Infinitude of Christ’s Grace

The possession of infinite grace is restricted to Christ. According to the testimony of John the Baptist, “God doth not give the Spirit by measure” to the man Christ (John 3:34). But to others the Spirit is given in measure, as we read in Ephesians 4:7: “To everyone of us is given grace ‘according to the measure of the giving of Christ.” If this refers to the grace of union, no doubt can arise about what is here stated. To other saints is given the grace of being gods or sons of God by participation, through the infusion of some gift. Such a gift, being created, must itself be finite, just as all other creatures are. To Christ, on the contrary, is given, in His human nature, the grace to be the Son of God not by participation, but by nature. But natural divinity is infinite. Through that union, therefore, He received an infinite gift. Hence beyond all doubt the grace of union is infinite.

Concerning habitual grace, however, a doubt can be raised as to whether it is infinite. Since such grace is a created gift, we have to acknowledge that it has a finite essence. Yet it can be said to be infinite for three reasons.

First, on the part of the recipient. The capacity of any created nature is evidently finite. Even though it is able to receive an infinite good by way of knowledge and fruition, it does not receive that good infinitely. Each creature has a definite measure of capacity in keeping with its species and nature. This does not prevent the divine power from being able to make another creature with a greater capacity; but such a creature would no longer be of the same nature with regard to species. Thus if one is added to three, a different species of number will result. Consequently, when the divine goodness that is bestowed on anyone does not completely exhaust the natural capacity of his nature, we judge that what is given to him has been apportioned according to some measure. But when the whole of his natural capacity is filled up, We conclude that what he receives is not parceled out to him according to measure. For although there is a measure on the part of the recipient, there is no measure on the part of the giver, who is ready to give all; if a person, for instance, takes a pitcher down to the river, he finds water at hand without measure, although he himself receives with measure because of the limited size of the vessel. In this way Christ’s habitual grace is finite in its essence, but may be said to be given infinitely and not according to measure, because as much is given as created nature is able to receive.

Secondly, grace may be said to be infinite on the part of the gift itself that is received. Surely we realize that there is nothing to prevent a thing that is finite in its essence, from being infinite by reason of some, form. Infinite according to essence is that which possesses the whole fullness of being; this, of course, is proper to God alone, who is being itself. But if we suppose that there is some particular form not existing in a subject, such as whiteness or heat, it would not, indeed, have an infinite essence, for its essence would be confined to a genus or species; but it would possess the entire fullness of that species. With respect to the species in question, it would be without limit or measure, because it would have whatever could pertain to that species. But if whiteness or heat is received into some subject, the latter does not always possess everything that necessarily and invariably pertains to the nature of that form, but does so only when the form is possessed as perfectly as it can be possessed, that is, when the manner of possessing is equal to the thing’s capacity for being possessed. In this way, then, Christ’s habitual grace was finite in its essence; but it is said to have been without limit and measure because Christ received all that could pertain to the nature of grace. Other men do not receive the whole: one man receives grace in this measure, another in that. “There are diversities of graces,” as we learn from 1 Corinthians 12:4.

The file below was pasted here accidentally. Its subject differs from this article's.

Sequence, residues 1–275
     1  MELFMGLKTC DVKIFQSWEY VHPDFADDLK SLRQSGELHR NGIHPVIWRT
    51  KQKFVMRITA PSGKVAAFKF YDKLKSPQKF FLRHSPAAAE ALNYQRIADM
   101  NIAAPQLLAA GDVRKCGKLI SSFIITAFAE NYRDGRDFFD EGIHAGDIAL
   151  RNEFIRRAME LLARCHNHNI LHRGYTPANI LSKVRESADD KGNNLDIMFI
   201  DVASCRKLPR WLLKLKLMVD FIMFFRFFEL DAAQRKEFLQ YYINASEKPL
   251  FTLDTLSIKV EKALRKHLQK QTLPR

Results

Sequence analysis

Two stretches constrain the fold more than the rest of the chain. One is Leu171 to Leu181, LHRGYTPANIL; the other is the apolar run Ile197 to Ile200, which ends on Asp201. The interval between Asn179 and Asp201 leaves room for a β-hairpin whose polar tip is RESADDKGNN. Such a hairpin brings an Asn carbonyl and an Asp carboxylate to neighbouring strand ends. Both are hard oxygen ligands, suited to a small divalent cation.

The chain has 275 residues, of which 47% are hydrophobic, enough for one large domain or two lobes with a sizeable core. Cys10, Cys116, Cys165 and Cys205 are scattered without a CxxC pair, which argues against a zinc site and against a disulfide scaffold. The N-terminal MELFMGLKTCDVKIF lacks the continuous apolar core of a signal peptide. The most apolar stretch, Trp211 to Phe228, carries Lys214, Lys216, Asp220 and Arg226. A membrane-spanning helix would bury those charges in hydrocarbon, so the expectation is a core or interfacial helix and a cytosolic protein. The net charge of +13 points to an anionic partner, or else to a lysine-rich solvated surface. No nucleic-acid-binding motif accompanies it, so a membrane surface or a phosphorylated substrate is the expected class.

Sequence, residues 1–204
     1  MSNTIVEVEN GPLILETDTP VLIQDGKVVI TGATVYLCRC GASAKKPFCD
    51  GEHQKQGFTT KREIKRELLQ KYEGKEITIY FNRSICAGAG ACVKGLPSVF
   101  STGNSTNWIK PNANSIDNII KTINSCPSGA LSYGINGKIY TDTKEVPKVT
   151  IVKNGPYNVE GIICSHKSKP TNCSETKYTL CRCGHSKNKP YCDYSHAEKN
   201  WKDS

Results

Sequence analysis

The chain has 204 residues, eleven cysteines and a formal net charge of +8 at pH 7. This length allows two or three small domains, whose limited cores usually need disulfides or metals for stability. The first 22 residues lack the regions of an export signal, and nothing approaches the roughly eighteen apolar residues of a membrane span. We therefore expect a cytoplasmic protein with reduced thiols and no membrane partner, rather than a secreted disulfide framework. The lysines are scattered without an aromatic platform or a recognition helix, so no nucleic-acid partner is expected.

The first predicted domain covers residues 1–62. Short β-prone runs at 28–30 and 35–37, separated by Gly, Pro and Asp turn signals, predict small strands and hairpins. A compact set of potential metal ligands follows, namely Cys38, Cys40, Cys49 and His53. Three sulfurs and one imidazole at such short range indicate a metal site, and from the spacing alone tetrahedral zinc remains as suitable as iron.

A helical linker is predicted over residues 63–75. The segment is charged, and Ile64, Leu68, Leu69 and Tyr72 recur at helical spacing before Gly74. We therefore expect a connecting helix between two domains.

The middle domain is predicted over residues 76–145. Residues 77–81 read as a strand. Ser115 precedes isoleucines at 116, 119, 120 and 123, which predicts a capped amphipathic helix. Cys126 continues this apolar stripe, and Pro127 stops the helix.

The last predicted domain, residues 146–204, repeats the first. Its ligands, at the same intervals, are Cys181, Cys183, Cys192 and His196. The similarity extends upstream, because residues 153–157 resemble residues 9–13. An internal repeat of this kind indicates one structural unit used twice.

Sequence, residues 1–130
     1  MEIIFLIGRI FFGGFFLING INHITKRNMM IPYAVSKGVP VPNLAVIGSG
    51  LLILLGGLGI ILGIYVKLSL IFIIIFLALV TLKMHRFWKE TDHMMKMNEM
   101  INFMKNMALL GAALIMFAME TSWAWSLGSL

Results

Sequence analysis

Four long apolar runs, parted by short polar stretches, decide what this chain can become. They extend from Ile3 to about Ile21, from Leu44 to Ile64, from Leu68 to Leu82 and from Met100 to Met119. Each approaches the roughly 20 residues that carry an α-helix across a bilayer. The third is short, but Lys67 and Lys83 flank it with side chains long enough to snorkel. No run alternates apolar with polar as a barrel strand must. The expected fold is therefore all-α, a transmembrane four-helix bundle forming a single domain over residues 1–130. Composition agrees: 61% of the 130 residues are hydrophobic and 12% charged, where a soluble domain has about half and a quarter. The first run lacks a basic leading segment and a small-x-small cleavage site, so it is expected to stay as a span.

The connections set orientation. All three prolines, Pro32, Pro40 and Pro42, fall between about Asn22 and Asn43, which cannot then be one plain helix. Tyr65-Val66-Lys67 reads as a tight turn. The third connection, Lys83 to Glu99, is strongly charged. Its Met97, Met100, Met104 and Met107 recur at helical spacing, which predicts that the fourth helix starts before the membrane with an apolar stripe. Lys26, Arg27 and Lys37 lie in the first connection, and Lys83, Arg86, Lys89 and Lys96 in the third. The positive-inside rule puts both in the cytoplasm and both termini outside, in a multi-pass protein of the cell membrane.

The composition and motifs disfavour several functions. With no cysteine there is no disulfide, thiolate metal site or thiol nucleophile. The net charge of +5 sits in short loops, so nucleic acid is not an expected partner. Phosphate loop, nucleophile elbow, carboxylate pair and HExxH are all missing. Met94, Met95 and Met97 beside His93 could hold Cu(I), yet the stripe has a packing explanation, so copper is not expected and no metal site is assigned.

In the third place, grace may be called infinite on the part of its cause. For in a cause is contained, in some way, its effect. Therefore, if a cause with infinite power to influence is at hand, it is able to influence without measure and, in a certain sense, infinitely; for example, if a person had a fountain capable of pouring forth water infinitely, he could be said to possess water without measure and, in a sense, infinitely. In this way Christ’s soul has grace that is infinite and without measure, owing to the fact that it possesses, as united to itself, the Word who is the inexhaustible and infinite principle of every emanation of creatures.

From the fact that the singular grace of Christ’s soul is infinite in the ways described, we readily infer that the grace which is His as head of the Church is likewise infinite. For the very reason that He possesses it, He pours it forth. And since He has received the gifts of the Spirit without measure, He has the power of pouring forth without measure all that pertains to the grace of the head, so that His grace is sufficient for the salvation, not of some men only, but of the whole world, according to 1 John 2:2: “And He is the propitiation for our sins; and not for ours only, but also for those of the whole world”; and, we may add, of many worlds, if such existed.


St. Thomas Aquinas. (1265-1274). Compendium Theologiae: Infinitude of Christ’s Grace, trans. by Cyril Vollert. St. Louis & London: B. Herder Book Co., 1947

All scripture is given by inspiration of God and is profitable for doctrine, reproof, correction, and instruction in righteousness (2 Timothy 3:16).

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